Charles Dickens’ most enduring story after Oliver Twist is A Christmas Carol.

It’s also one of his shorter stories, without the pile up of clauses and imagery that Dickens, at his most comically loquacious, could rarely resist.

While some wince at this feel-good tale of how the spirit of Christmas, helped by three ghosts, turned a seemingly hard-hearted skinflint into an altruistic merry old man, others have claimed that A Christmas Carol actually changed human behaviour.

The story took Dickens six weeks to write. Published 170 years ago in December 1843, the original Chapman & Hall publication, illustrated by John Leech, went through 24 editions.

Dickens, a skilled actor, is said to have performed extracts from it at 127 public readings until the year of his death in 1870. One of them took place at Bradford’s newly-built St George’s Hall on Wednesday, December 28, 1854. It was Dickens’s second night at St George’s, as he had arrived in town on the 27th.

The Yorkshire Observer, which had advertised the event, said there were some 2,500 people present including Robert Milligan MP, industrialist Henry Ripley, sundry aldermen, vicars and “many gentlemen from the Mechanics’ Institutes of neighbouring towns”.

Special trains had been arranged to take people home to Halifax and Huddersfield and intermediate stations after the two-and-a-half-hour reading’s scheduled 9.30pm finish.

Shortly after 7pm, England’s most famous writer stepped frock-coated on to the stage of the gas-lit, smokey auditorium.

He was 42 and had Pickwick Papers, Oliver Twist and Nicholas Nickleby to his name. His appearance was greeted with loud cheering.

Perhaps raising his hands in acknowledgement and to appeal for quiet, Dickens said: “Allow me, before I commence, to express two wishes. The first is that you will have the kindness, by a great stretch of imagination, to imagine this is a small social party assembled to hear a tale told round the Christmas fire...”

Here Dickens had to pause for more applause and laughter. He resumed: “And secondly, that if you feel disposed, as we go along, to give expression to any emotion, whether grave or gay, you will do so with perfect freedom from constraint, and without the least apprehension of disturbing me.” Loud applause greeted this.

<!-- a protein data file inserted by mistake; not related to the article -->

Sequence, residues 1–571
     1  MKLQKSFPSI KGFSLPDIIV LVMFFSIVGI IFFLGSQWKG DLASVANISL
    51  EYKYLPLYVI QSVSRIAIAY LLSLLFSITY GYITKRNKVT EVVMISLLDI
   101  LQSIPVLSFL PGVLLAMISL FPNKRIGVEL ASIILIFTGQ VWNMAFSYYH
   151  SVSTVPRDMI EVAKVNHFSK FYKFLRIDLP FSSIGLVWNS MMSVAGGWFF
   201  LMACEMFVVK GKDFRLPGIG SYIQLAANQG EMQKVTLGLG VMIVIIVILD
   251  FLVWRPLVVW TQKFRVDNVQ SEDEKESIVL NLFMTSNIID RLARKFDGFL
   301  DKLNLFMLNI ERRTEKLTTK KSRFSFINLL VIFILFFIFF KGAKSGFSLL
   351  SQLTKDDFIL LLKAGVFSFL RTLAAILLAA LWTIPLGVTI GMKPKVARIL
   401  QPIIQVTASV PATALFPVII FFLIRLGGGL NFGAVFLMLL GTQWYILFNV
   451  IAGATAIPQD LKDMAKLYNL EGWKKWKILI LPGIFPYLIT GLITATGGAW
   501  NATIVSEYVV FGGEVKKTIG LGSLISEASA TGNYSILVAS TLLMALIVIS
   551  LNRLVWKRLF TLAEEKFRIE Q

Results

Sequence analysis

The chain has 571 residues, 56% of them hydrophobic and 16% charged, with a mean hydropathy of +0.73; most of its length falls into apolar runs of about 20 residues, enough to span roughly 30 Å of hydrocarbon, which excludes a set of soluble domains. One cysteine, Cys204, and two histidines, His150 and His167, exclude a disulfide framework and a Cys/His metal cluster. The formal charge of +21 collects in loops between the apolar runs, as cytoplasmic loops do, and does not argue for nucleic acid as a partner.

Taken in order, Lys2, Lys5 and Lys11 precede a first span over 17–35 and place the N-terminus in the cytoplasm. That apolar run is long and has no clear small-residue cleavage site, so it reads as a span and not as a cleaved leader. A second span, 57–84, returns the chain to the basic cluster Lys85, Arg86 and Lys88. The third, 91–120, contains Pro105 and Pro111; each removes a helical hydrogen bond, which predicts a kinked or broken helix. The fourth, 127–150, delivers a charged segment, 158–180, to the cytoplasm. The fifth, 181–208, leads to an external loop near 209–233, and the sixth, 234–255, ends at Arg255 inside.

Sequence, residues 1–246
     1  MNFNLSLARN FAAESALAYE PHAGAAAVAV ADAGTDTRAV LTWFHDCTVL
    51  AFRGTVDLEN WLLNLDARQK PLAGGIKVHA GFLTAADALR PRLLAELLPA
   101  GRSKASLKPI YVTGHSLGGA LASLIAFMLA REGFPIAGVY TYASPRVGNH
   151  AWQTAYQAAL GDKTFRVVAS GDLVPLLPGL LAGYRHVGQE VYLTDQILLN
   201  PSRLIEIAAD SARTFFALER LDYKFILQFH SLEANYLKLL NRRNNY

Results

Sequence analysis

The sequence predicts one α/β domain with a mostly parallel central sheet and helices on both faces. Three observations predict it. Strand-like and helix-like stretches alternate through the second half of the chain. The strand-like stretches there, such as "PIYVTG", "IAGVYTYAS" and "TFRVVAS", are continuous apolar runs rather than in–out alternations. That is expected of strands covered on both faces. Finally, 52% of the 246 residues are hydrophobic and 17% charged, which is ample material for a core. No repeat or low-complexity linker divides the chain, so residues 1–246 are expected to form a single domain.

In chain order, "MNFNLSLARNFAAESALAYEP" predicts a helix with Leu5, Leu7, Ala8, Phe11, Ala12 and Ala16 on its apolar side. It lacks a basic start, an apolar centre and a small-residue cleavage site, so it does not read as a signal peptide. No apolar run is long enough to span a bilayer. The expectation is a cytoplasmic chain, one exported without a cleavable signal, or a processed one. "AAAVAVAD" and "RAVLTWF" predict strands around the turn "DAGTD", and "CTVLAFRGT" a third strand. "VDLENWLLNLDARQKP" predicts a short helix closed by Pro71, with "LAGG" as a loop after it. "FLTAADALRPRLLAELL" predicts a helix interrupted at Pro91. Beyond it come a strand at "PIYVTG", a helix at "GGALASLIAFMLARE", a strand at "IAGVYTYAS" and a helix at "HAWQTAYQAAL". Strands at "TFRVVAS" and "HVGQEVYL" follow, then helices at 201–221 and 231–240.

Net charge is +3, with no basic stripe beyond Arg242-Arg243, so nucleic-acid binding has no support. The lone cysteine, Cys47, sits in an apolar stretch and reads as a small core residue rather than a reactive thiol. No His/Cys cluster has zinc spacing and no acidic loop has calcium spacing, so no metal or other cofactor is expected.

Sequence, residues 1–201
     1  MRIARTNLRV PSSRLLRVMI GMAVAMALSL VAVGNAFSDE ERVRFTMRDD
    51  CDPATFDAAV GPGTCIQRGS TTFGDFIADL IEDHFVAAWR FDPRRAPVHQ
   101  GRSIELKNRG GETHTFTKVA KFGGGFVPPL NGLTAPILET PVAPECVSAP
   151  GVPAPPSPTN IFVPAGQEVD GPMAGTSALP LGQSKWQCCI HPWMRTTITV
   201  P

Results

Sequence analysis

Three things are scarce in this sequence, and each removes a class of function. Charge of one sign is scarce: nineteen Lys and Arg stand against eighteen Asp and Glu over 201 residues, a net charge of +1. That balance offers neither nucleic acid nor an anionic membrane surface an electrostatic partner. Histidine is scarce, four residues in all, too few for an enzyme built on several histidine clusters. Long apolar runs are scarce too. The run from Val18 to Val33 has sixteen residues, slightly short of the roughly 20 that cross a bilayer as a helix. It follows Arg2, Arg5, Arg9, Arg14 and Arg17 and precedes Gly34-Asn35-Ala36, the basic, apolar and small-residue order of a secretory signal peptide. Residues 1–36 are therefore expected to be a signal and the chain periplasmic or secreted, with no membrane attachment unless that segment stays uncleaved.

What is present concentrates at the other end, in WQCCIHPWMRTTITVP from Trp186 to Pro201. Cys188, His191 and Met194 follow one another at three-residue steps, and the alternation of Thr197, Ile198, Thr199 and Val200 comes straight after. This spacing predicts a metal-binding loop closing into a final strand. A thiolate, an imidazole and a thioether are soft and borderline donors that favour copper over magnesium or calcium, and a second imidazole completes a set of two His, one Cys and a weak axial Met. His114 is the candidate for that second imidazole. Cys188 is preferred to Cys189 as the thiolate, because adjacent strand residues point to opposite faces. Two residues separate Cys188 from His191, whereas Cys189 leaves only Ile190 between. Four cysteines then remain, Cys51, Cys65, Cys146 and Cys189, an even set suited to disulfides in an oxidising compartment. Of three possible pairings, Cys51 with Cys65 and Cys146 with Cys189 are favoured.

“Nothing can be so delightful to me on such an occasion as the assurance that my hearers accompany me with something of the pleasure and interest I shall have in conducting them.

“And believe me, I cannot desire anything so much as the establishment amongst us, from the very beginning, of a perfectly unfettered, cordial, friendly sentiment.” After yet more loud cheering, Dickens launched into his story.

According to the un-named Yorkshire Observer journalist who described the event, Dickens’ enunciation was “clear, distinct and beautiful throughout, and every and anon his intonation was varied to suit the character of each individual introduced into the story.”

In short he acted out the parts, as he was known to do in his London study when writing his stories. Dickens’ fertile imagination, his supreme gift for words and phrases, made him the Shakespeare, Charlie Chaplin and Walt Disney of his day.

Once Dickens had pictured how a character would speak it was there for all time. “Bah, humbug!” said Scrooge about the spirit of Christmas. To this day, irrespective of the time of year, anyone tightfisted or mean-spirited is thought of as a Scrooge.

George Orwell was particularly taken with the passage where Scrooge attributes his fear of supernatural retribution, in reality his bad conscience, to a bit of “undigested cheese” for supper.

It is said that the reception Dickens received on both those nights in Bradford persuaded him to perform more public readings for money.

Although he reportedly declined the £100 fee offered by the Bradford Temperance Educational Institute, he understood that public readings offered him the opportunity to make money, travel about the country and to act out his own creations.

Were the ghost of Charles Dickens to return to St George’s Hall on Saturday, December 28, how might he conclude his spectral reading of A Christmas Carol?

Not perhaps with the affirmative wish that crippled Tiny Tim Crachit bestows at the end of the book - “God bless us, everyone!” Given the state of the nation, with food banks and budget cuts, Dickens’ likelier valediction would surely be: “God help us, everyone.”